Dear Everyone: I’m Kind of Scared of Restaurants

posted in Family Outings, Parenting Challenges on by with 7 Replies

Dear Everyone Out in Public:

Hi.  I’m Kate.  I have three small children and I’m scared to death to take them out to eat in a restaurant.

See, I’m a pretty good mom.  I’m far from perfect, but I read to my kids, I tell them not to yell or put their feet on the table, and I don’t let them watch too much TV.  I care about the kinds of people they are becoming.

They’re pretty good kids.  But they’re almost three, so they can be messy, screechy, surly, whiny, and sweet, often all at the same time.  They talk back.  They interrupt.  They sometimes refuse to say “please” or “thank you” for no discernible reason.  They’re learning.  That’s their whole job right now, and they learn by doing.  Testing.  Trying.  Pushing the limits and pushing my buttons and pushing each other.  It’s what kids do.

So what I’m asking of you is to try your hardest to refrain from judging me and my parenting for the hour or so you’ll see of it when I haul my big, unruly family to a restaurant so my little girls can have a treat for their birthday.  They stay home a lot.  It’s not their fault that it’s a lot of work just to get them all out the door and into the car.  They may whine and fuss about something ridiculous, or spill their milk and glue a placemat to the table with syrup.  Those things are de rigeur for pretty much all of our mealtimes.  They don’t mean to annoy you.  They don’t mean to be too loud.  I try to teach them manners the very best that I can, but it’s a process, and they’re still figuring it out.

I want you to know that I am filled with anxiety at the prospect of taking all of them out to a restaurant because we will be on display, set up to be judged by the clientele who are trying to enjoy their mimosas and eggs in peace.  I promise not to let them run around, or throw food, or have a temper tantrum in the middle of the floor.  I’m just saying please, please don’t think I’m a bad parent if I bribe them with little packets of jelly.  Or if I can’t keep them especially quiet.  Or if I make empty threats out of desperation just to get through this outing without any disasters.

Maybe you think I’m being paranoid, and you could be right, but let me just say this: It feels like everyone in the world, whether or not they have children, thinks they know how to parent.  Everyone thinks they have the right to judge and criticize parents on the job they’re doing, often based on no more than a few minutes’ observation while the parent and children are out in public.  And yeah, I get it.  Some parents suck.  For sure.  But so many of us are trying really hard to be good at it, even though we know how impossible that can sometimes be.  Parenting is a difficult job that goes on and on and on.  Just when you think you’ve got something figured out, the whole game changes, and you have to come up with a new strategy.  Kids are great, they really are.  But they’re also exhausting.  And demanding.  And infuriating.  And sometimes, in spite of all of that, they deserve to get out of the house and do something special, even if they haven’t fully mastered manners.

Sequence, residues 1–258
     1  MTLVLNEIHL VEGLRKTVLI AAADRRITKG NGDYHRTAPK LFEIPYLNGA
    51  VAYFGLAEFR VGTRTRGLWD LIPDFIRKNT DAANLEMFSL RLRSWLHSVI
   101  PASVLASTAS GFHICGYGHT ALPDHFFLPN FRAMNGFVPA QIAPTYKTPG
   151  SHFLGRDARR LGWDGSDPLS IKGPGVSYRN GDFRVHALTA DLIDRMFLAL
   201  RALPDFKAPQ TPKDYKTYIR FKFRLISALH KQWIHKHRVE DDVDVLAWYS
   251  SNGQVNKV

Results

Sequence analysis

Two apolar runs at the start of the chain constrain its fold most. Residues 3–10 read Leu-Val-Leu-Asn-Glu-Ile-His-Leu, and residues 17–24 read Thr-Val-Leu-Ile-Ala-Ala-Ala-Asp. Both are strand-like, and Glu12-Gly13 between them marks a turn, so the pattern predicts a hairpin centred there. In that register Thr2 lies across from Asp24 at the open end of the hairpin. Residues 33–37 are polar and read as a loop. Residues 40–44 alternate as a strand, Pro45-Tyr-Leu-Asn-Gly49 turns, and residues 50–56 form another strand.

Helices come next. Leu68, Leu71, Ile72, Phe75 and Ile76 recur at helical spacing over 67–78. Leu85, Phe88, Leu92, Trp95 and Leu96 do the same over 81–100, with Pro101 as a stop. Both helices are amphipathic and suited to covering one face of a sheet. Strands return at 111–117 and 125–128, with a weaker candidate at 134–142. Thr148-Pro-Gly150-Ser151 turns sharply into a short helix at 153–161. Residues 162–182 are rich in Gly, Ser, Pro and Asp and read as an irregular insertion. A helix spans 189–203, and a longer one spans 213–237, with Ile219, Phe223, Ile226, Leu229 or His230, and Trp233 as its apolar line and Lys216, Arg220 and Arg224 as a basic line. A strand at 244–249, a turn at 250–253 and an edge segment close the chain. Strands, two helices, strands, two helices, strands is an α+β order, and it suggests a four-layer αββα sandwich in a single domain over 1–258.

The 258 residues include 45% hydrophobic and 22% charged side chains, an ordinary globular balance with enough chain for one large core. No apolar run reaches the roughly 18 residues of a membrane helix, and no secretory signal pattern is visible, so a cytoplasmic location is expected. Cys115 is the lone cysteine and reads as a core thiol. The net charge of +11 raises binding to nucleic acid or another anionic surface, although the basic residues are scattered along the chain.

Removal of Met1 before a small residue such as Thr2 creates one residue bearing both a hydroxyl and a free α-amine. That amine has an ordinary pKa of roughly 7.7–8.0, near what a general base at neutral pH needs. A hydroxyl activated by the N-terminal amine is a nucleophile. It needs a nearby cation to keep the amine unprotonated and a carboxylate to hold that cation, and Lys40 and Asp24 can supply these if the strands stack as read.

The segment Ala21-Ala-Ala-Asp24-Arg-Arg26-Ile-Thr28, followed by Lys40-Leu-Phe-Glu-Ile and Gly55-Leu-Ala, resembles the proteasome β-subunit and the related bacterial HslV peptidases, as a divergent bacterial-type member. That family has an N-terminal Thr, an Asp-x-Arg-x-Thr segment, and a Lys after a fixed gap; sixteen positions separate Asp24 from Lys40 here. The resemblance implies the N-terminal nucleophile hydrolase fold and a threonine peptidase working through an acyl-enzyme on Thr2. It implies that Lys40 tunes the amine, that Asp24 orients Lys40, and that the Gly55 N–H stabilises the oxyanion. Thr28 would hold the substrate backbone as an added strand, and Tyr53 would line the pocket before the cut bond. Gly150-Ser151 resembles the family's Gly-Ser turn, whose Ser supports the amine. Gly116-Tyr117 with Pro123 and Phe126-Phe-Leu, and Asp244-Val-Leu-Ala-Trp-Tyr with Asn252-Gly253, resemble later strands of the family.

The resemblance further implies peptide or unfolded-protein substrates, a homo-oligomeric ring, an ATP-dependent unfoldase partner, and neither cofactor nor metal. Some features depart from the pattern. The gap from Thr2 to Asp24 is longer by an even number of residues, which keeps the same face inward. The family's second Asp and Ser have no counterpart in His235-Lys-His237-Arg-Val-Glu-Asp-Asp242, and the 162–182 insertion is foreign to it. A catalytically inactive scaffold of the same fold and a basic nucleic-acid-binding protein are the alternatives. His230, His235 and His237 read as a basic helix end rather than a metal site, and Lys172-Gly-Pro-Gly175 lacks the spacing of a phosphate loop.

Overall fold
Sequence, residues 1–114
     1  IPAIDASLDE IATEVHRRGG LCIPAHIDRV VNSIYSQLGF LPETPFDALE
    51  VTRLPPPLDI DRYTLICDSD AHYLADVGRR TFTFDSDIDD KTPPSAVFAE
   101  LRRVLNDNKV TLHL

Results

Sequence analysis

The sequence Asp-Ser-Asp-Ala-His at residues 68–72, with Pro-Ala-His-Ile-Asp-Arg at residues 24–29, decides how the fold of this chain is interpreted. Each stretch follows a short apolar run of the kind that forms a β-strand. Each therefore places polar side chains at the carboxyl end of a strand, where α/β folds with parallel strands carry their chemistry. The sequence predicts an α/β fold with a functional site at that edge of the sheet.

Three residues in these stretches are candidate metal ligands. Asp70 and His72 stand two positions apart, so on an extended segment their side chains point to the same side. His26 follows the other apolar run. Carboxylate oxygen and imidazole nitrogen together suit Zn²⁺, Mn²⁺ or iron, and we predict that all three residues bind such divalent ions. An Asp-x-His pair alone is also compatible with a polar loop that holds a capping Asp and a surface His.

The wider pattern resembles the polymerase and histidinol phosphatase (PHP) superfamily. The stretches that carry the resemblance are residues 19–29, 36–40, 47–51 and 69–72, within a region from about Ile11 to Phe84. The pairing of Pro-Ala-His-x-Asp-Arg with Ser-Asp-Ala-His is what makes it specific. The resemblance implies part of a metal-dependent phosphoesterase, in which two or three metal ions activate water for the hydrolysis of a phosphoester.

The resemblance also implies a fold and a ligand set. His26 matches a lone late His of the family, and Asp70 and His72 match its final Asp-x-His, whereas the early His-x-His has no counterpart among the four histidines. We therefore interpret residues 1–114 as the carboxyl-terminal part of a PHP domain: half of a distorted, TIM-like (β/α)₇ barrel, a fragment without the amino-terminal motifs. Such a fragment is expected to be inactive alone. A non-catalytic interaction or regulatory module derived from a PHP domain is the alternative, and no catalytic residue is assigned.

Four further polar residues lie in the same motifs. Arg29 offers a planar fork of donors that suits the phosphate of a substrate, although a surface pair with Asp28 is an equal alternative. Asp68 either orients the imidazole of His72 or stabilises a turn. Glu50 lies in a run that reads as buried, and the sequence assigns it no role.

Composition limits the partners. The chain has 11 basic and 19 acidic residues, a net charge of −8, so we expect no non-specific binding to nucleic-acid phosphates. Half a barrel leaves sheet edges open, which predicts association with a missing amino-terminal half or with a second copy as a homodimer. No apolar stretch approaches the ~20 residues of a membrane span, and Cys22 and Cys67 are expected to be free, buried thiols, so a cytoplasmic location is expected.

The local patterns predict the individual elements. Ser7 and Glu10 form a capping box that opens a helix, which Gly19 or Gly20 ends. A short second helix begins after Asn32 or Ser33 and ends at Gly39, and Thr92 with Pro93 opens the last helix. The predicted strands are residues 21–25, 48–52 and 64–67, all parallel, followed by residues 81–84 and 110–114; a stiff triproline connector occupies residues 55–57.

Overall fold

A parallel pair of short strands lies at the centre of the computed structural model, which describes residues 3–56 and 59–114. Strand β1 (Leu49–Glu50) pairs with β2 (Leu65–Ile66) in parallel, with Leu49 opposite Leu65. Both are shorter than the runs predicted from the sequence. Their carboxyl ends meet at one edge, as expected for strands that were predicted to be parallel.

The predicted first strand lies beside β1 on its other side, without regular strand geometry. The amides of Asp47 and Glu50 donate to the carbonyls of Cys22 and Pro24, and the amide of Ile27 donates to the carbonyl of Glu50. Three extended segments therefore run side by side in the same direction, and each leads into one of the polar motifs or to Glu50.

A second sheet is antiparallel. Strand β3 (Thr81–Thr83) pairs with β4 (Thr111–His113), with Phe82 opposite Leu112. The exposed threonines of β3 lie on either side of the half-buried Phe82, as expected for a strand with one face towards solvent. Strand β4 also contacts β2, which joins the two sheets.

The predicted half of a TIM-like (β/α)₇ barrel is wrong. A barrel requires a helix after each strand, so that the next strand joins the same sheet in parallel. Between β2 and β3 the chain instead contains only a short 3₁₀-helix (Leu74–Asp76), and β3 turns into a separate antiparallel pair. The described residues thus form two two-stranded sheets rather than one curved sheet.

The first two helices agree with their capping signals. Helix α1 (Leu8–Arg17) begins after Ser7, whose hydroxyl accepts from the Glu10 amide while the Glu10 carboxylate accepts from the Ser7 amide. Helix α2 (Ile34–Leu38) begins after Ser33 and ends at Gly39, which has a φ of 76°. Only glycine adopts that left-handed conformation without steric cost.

I’m not a doctor.  I’m not an electrician.  I’m not a hairstylist or a game warden or an administrative assistant.  If you are any of those things, I won’t judge you on how well you do your job, because I have no idea what it’s like to do your job.  It’s actually pretty easy for me not to judge you because you don’t generally have to practice medicine, or wire up a building, or highlight someone’s hair out in a public space, with an audience.

My job is being a parent.  I have to do it anywhere my kids are, weekdays and weekends alike.  If I take them out in public, I have to do my job in public, and that puts me in a pretty vulnerable position.  So please just be kind.  Be open-minded.  Realize that you have no idea what it just took for me to get my children and myself out of the house, on time, in a state of appropriate dress and cleanliness.  Maybe you could do a better job of it, but also maybe not.

Thank you for your patience and your kindness, and for realizing that I’m trying to raise people who will be patient and kind, but may not totally get it yet.


A tired mom who would like to take her little girls out for pancakes on their birthday

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